I well recall a very lengthy conversation with Tim Woodhouse, owner of Hood sails, who insisted that woven Spectra could never work - problem is HydraNet does work.

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Our working jib is HydraNet and has seen over 60kn winds gusts with steady 45 kn going to windward at 45 AWA for up to 350 miles at a stretch (furled to third vertical batten) and about 14,000 off shore miles The sail performs absolutely as well now as when it was new. I call bullshit on the claims about it going soft with fillers degrading.. Our HydraNet mainsail is similar.

I have found that North will cast dispersions upon anything made with DP HydraNet. This may be the source of some of the negative opinions. I have to say that ten yesra ago I sailed on a 50' boat outfitted with North's predecessor to 3DI. These sails showed issues after only a few races and were near worthless after one years campaign. When problems showed up only days of sailing into the new sails life.... North would do nothing other than spot repairs to the $16,000 mainsail. I have since had little faith in the follow-thru of this company. The fact that North will dish DP , means little to me.

I am sure that the high end 3DI will hold a better shape for racing but I have little faith in their longevity compared to HydraNet. During the past three years of off-shore sailing (as we work our way slowly around the world) we do run into the occasional 'cruising boat' with HydraNet sails and every single one has been satisfied with their choice. 

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I was told that 3Di shrinks 5-10% when not in use (like stored t the loft)  for a year. Any experience with that?

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It definitely seems like pretty much every sailmaker I've talked to really tries to discourage hydranet, but every boat owner I've met who has it loves it - maybe different standards of shape-holding and performance?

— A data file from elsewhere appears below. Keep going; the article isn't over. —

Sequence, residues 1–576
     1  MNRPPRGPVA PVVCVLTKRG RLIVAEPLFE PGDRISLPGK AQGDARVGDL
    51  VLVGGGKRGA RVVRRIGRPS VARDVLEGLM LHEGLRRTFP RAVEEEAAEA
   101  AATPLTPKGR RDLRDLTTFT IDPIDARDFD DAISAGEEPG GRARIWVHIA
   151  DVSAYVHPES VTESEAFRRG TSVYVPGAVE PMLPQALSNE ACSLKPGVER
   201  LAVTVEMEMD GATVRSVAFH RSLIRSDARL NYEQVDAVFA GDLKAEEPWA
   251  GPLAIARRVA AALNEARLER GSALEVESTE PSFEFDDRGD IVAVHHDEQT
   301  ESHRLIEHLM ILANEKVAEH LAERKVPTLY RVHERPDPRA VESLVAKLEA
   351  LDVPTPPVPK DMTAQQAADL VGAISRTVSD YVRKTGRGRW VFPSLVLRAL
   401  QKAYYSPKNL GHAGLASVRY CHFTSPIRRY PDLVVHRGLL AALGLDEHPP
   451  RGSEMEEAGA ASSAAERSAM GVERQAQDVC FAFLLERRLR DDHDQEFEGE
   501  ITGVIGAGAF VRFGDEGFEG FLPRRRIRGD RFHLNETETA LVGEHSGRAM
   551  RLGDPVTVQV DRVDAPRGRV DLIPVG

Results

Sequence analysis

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14 minutes ago, hdra said:

It definitely seems like pretty much every sailmaker I've talked to really tries to discourage hydranet, but every boat owner I've met who has it loves it - maybe different standards of shape-holding and performance?

If everybody's sails (or anything) lasted forever that wouldn't be particularly good for the people trying to sell new ones from time to time...

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The question asked was:

On 11/8/2020 at 11:28 AM, Waltonsmith said:

How does Hydra Net compare with North's 3di laminate for a racing trimaran?

I don’t think you’ll see any Hydranet in the Imoca fleet and that sorta says it all. Taken at face value, the question has one answer. 3di. Add other factors to the question (longevity/value/etc) though, and the answer can change. 
 

I think everyone can agree that the flying shape on the best day in a Hydranet sail’s life will be worse than the worst day of a 3di sail. I’ve had the stitching fail (from old age) on all the corners of a 3di sail and the shape was still pristine. 

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What is IMOCA?  How about ORMA?  Mod70 fleet use North 3di?  

The leasee of "Lending Tree" said in a lecture that weight aloft is insignificant compared with durability.

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7 minutes ago, Waltonsmith said:

What is IMOCA?  How about ORMA?  Mod70 fleet use North 3di?  

The leasee of "Lending Tree" said in a lecture that weight aloft is insignificant compared with durability.

The Vendée Glove fleet is the Imoca fleet. I doubt you’d find anything but 3di on the MODs. Doyle’s product is close to 3di. 
 

 

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I have tri-radial Hydranet on my 48' cat. It's now 8 years old and the shape is pretty shit. The genoa isn't too bad, but the top half of the main is massively blown out. The fabric itself looks to be in good condition and I have no doubt they'd still be holding together in another 8 years. All of that said, I've been told the maker of my sails doesn't put enough reinforcement into the load paths from the reefing points and that is why the shape blows out so badly. 

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For a RACING boat I wouldn't pick Hydranet. I would pick 3Di or similar.

But for cruising I found our HN Genoa had very good shape holding after 1 lap. It was built with 383 fabric which was quite heavy ( suitable for a #1 on a 50-55' boat) for a 40' cat.